Hi all c.s.misc'ers,
I posted a message a few days ago to comp.lang.java.programmer
but I didn't get any replies so I try here, I hope it's not
too much offtopic...
It's about a technique I would call "URL signing" that is really
easy to implement on any Java Web application server using a
"clean" design (like, amongst other things, having every single
request going through a controller firt, then getting dispatched).
But it should be easy to implement on a lot of other different
This technique works, and it works pretty well. It is currently
in use on a production server. What I would like to know is what
is the name of this technique and where/who described it / used
It is really the first thing I thought of when my client asked
me to protect about the more common Web server vulnerabilities,
I am surprised that I cannot find any informations regarding this
technique on the Net (I googled and groups.googled...).
Below is the message I posted to comp.lang.java.programmer...
To secure the WebApp server of one of my client who was
really concerned about various security issues, I devised
a nice cute little "hack" which I would call "URL signing".
Every single request goes to a front controller servlet
which then dispatch to the correct jsp page (after the
business logic has prepared all the results bean).
Every single link in any of the jsp page transmitted to
the client is generated with a checksum that act as a
signature for the URL, like this (this example is not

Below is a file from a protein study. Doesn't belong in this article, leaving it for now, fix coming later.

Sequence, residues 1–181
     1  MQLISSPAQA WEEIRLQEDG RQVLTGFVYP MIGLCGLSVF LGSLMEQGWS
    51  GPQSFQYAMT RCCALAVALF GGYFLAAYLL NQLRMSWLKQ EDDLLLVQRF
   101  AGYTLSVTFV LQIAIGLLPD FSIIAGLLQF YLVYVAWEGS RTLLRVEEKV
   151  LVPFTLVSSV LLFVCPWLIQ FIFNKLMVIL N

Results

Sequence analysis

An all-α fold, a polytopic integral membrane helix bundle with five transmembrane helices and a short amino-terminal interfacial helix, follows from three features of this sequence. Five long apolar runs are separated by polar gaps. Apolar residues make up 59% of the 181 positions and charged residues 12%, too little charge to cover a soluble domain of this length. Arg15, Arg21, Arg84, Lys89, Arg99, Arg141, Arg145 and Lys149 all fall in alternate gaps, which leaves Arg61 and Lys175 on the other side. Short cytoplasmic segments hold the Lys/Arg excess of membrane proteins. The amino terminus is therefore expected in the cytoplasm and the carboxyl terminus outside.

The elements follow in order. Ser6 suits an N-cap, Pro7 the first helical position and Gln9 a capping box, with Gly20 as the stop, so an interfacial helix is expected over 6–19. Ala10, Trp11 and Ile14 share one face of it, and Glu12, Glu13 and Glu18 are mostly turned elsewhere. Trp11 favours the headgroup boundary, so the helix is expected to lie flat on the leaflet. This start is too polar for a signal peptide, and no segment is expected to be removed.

precisely how I did it, it's just to show how it works) :
If a user tries to modify a single character in the URL
from his browser, then the front controller servlet will
dispatch to a special page indicating that URL has been
"faked" and fill the logs accordingly.
In a way it is "overkill" when using a Java-only WebApp
server (which is inherently imune to buffer overflow and
I hardly imagine some Java WebApp programmer allowing SQL
injection in the URL :)
But, still, it's a nice additionnal layer of protection.
Of course, for POSTed request it's different : the
checksum still applies (the way I did it), but only on
the parameters that the user can not modify.
The other parameters are then checked for validity too,
using the "normal way".
Then again, the way I designed the WebApp, not a single
of the "sensitive" page (page doing query on sensitive
datas) can be accessed using POST, but only using GETs.
So what this technique bring is : 100% protection for
every single GET request and partial protection for
The partial protection for POST is a really good safety
net : imagine you have an hidden form field with the
value "admin=no" (I wouldn't encourage anyone to show such
an obvious field with such an obvious name/meaning in a URL
though), well... If the URL is signed, the hypothetical
attacker simply cannot change it to "admin=yes"...
I don't advocate on relying on this technique alone to
secure a Web server, but I think it's a nice *additionnal*
layer of protection.
Have you ever heard of a term coined to describe this ? Have
you a ever heard of a Web server (Java or other, Open Source
or commercial, etc.) doing anything similar ? Any links ?
Thanks for comments and excuse my "french",